Disclaimer: This blog follows my Magen David Board that is already finished and posted here
This phase of the project took on a different pace. it was all hand tools oriented, and I was able to work on it at nights and at quick sessions as there was little setup involved, and not a whole lot of noise.
To start. I took my old drill press table that was just hanging around the shop useless after I upgraded it and screwed a straight piece of cherry left over from my milling process to act as a flat reference face to glue everything to. I waxed the table and reference board as well as my cauls, and then positioned all the cubes in their final position, and started gluing one line/column at a time, clamping each to the flat reference strip, and adding a caul (arced bottom) on top to keep everything flat on the bottom. before applying glue I actually scraped each cube on both its sides to clean up any imperfections from the milling process:
Next, after I had a bunch of strips with uneven edges, it was time to joint them to be put together. the bunch of strips on the left are pre jointed and you can see the extra gap between them caused by variations in the first glueup process and parts not being milled precisely the same dimensions to begin with (see my original post and my poor decision on trying to mass produce this – it still is causing trouble). The bunch of strips on the right are after jointing them with my #6 (largest I have), and smoothed them with the #4. After the first couple of strips, I also beveled the ends so that it won’t chip off as I’m planing past it:
Planing cross grain is actually not too bad. just as easy as across the grain if the tool is tuned well with the exception that the shavings are short and well – cross grainy :) (for lack of better words)
PLANING TIP: Planing Uphill, Downhill, or just plain flat I find it that the tendency of jointing is to follow a line parallel with the workbench/earth/ground. If I clamp my part tilting up away from me – I’ll be planing it thinner at it’s end, if I clamp the part tilting downwards from me – I’ll be planing it thinner on my end. If I clamp it somewhat parallel with the bench, I have the best chance of jointing it even across it’s length.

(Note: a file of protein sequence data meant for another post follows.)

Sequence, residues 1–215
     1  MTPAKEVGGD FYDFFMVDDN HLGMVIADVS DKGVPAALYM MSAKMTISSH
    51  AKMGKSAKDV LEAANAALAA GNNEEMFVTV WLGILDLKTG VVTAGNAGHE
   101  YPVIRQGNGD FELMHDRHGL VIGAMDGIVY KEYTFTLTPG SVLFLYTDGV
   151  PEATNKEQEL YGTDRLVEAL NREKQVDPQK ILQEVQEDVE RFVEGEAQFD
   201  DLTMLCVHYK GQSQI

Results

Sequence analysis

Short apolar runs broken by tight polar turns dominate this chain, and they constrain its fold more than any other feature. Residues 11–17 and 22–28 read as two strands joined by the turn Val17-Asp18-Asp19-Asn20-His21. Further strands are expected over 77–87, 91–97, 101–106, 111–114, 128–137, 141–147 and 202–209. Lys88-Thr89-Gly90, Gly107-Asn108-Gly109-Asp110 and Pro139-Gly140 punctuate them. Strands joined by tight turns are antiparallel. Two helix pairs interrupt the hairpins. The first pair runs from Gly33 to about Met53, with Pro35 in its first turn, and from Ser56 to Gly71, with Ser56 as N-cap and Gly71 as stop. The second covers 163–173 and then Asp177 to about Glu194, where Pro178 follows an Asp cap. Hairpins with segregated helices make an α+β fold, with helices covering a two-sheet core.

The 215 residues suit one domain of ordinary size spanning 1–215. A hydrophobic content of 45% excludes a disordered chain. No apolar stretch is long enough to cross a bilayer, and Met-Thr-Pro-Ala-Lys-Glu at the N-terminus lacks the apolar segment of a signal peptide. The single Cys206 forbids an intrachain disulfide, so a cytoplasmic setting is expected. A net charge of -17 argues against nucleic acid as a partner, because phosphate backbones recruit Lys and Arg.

And always check that you are not jointing at a bevel every few passes – if you are , move you plane to the opposite side to compensate and bring it back to square.
For poorly milled material to begin with – I ended up having to plane some of the strips quite a bit making them narrower than others – which in effect breaks the continuity of the lines in the geometry on the top of the board. not TOO too bad, but could have been avoided if properly milled to begin with. it does give this piece a handmade one-of look though so I’m ok with it.
At the end of this, I was left with the strips almost ready to be put together for the final glue up stage, although as you can see – I had to cut out 2 squares that somehow were glued in the wrong orientation:
At first I thought of just living it as is, but then I figured since I’m at the stage of no return – I might as well fix it now and not have to see it ever again. and so I did.
After glueing new (I had 4 extras) beveled cubes in place of those I had to cut out and cleaning those parts, it was time to glue up the strips together to what will become the final slab:
Next: The Time of the Machines!
-- ㊍ When in doubt - There is no doubt - Go the safer route.